The reason I decided to compose this post today is because yesterday while I was studying the sagittal view illustration by Bijanki et al. (above) of an electrode probing the cingulum bundle of a neurosurgery patient receiving a craniotomy, I kept visualizing my dad in the O.R. performing “awake” brain procedures.
I also had visualizations of the brain map (below) that I drew back in 2009 which emphasizes the importance of “bridging the gaps between all four brain hemispheres” via white matter fiber tracts. In my mind, it seemed like a funny coincidence that the point where the overlap of the bidirectional feedback loops of green and yellow arrows criss-cross in the cerebrum (“up brain’) is in the same vicinity as the part of the cingulum bundle that Bijanki et al. (2019) targeted with their low-amplitude probe.
The rudimentary brain map above offers a bird’s eye view of all four brain hemispheres “squished down” onto one plane so the viewer can visualize how white matter fiber tracts connect the gray matter of brain regions. Each gray-matter encased "egg-shaped orb" represents one of the four brain hemispheres. Like a Russian Doll, you could do a deeper dive within each of these hemispheres to explore the various lobes within each cerebral hemisphere and microzones within each cerebellar hemisphere. From there, you could do another deeper exploration and map neural circuitry.
On January 25, Chloe Williams wrote a Spectrum news report, “New Brain Maps Hint at Cerebellum’s Role in Cognition, Language,” which does an excellent job of summing up why recent advance in cerebellar brain mapping are so exciting. Williams writes:
“The cerebellum has long been known to be responsible for coordinating movements. But scientists are finding it may also coordinate language, cognition, and social behaviors. Yet the structure and function of the region is poorly understood, as is the degree to which it varies among people. A new analysis (Marek et al., 2018) of brain scans highlights variations in the cerebellum at the level of networks of neurons. It also shows how the brain region may cooperate with other regions to govern complex thought.
The resulting images show the extent to which activity in parts of the cerebellum tracks with that in other brain regions in each person. Based on these correlations, the researchers assigned regions of the cerebellum to various neural networks, including the dorsal attention network, the default mode (daydreaming) network and those that control the hands, face and feet. The team also analyzed the scans for the relative timing of brain activity. They found that signals in cerebellar networks lag behind those in the cerebral cortex by 125 to 380 milliseconds. This finding suggests that the cerebellum processes signals originating in the cerebral cortex, such as those involved in learning. ‘Precision mapping’ could be used to understand how individual differences in cerebellar organization contribute to differences in behavior.”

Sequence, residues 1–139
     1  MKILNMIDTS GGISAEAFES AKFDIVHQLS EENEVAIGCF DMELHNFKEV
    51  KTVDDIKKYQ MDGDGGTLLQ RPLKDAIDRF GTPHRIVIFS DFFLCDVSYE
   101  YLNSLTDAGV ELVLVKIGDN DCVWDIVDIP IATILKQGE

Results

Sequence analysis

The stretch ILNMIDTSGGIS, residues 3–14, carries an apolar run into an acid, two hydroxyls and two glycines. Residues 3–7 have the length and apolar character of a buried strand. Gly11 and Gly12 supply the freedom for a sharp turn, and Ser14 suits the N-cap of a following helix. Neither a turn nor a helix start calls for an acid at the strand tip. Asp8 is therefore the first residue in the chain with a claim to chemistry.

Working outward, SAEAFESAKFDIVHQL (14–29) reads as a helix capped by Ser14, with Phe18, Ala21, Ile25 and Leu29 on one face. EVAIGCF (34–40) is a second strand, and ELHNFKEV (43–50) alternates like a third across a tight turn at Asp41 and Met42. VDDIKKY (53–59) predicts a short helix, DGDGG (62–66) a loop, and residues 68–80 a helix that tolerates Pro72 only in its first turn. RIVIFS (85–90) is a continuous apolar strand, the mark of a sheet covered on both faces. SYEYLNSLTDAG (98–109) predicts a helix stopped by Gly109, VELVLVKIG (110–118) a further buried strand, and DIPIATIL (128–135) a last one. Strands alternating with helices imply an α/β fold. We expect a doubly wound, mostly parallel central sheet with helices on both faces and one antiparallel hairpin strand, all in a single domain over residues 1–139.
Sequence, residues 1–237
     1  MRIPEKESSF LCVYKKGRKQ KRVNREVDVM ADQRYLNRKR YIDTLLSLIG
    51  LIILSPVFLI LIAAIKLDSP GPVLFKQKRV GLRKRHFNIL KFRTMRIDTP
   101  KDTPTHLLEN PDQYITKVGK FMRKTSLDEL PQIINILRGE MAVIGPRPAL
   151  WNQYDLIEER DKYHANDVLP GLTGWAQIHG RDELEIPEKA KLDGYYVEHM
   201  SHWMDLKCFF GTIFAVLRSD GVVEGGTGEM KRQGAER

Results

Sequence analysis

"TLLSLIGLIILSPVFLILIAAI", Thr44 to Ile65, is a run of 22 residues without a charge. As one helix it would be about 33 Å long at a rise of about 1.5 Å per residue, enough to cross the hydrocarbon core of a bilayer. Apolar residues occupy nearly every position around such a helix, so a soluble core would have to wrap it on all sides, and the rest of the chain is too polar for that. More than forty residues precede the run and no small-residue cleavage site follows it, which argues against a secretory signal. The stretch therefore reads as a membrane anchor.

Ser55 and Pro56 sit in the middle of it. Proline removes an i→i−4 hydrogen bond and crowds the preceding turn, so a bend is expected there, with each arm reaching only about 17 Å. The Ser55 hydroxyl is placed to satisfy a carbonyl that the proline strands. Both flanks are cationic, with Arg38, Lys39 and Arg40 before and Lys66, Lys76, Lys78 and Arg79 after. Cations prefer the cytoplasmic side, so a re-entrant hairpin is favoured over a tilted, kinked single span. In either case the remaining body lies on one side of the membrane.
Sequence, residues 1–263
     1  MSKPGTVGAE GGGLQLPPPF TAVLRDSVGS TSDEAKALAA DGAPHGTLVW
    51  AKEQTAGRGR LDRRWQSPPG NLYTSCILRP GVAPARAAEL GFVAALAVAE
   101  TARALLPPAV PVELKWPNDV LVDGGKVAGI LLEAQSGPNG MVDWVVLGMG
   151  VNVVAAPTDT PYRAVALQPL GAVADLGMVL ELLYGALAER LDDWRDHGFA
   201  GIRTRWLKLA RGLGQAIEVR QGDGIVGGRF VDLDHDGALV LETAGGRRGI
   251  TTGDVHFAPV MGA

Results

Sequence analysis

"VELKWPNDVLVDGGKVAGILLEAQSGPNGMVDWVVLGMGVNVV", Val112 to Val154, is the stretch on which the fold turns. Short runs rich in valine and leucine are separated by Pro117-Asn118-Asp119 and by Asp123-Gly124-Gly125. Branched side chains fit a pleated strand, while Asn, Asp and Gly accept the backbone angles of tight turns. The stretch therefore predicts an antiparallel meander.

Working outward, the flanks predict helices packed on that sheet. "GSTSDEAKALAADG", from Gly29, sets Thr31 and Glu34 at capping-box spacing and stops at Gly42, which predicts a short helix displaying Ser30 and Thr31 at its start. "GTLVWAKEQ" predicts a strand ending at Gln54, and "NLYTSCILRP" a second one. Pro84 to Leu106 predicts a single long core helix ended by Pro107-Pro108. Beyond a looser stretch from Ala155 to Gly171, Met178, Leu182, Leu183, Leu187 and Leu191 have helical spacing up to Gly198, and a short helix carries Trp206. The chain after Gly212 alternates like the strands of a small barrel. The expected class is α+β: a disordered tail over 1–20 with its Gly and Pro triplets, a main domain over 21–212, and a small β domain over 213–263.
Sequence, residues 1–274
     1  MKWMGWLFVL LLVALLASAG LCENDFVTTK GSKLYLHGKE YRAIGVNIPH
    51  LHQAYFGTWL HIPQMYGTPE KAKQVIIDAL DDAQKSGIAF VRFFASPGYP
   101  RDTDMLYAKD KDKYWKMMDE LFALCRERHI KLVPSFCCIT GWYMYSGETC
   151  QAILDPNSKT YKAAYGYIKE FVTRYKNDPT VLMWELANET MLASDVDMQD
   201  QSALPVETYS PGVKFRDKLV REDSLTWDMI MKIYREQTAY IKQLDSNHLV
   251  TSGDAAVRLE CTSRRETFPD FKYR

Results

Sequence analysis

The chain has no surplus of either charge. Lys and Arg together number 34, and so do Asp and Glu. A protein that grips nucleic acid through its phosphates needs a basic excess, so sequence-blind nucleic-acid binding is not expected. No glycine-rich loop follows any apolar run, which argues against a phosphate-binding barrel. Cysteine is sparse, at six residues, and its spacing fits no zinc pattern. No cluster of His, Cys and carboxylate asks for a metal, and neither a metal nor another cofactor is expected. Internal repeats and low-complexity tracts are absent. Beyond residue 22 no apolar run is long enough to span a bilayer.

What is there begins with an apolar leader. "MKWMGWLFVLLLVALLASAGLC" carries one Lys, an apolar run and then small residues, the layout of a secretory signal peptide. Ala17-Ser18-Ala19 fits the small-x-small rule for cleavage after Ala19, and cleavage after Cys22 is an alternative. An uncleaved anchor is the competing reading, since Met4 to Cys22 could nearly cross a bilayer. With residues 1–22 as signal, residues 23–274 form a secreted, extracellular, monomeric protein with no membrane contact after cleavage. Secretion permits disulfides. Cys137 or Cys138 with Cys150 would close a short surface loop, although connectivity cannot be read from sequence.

I reported on this study by Scott Marek et al. (2018) and the exquisite cerebellar brain maps (below) created by Xavier Guell et al. (2018) in multiple posts last year. (See "Mapping the Human Cerebellum Reframes Whole-Brain Functions," Cerebellum Studies Challenge Ancient Notions of How We Think," "3 Reasons the "Little Brain" Might Become the Next Big Thing.")
Part Three: What Is Superfluidity and How Does it Relate to Visualizing Cerebro-Cerebellar Brain Maps?
For the final section of this post, I’m going to shift gears completely and share some autobiographical examples of how I explain my concept of “superfluidity” and “bridging the gaps between all four brain hemispheres” to my 11-year-old daughter on a regular basis. Hopefully, these real-world examples of how concepts of “flow” and neuroscience come together will make this information relatable to people of all ages and walks of life. (For some audio-visual examples of superfluidity see, "Seven Awe-Inspiring Exhibits of Superfluidity in Action.")
Early in my career as an ultra-endurance athlete, I read Mihaly Csikszentmihalyi's seminal bestseller, Flow: The Psychology of Optimal Experience (1990). This book was a godsend for me as a rookie triathlete.
That said, after spending countless hours in the “zone” and creating flow every day of the week, it became clear to me that there were episodic bursts of “transcendent ecstasy” that happened within the flow channel. These orgasmic bursts of connectedness to something much bigger than me in the universe reminded me of experiences I’d had on psilocybin that 'opened my doors of perception' during adolescence.
A big part of my fanatical drive to become an ultra-endurance athlete was rooted in the pursuit of having these ego-dissolving moments of feeling absolutely zero friction, viscosity, or entropy between my thoughts, actions, and emotions combined with a feeling of “oneness” to everything around me while I was running, biking, or swimming. The more time I spent in the “zone” creating a state of flow, the higher the odds were that I’d have moments of superfluidity. The final chapter of The Athlete’s Way is titled “Superfluidity: Chase Your Bliss."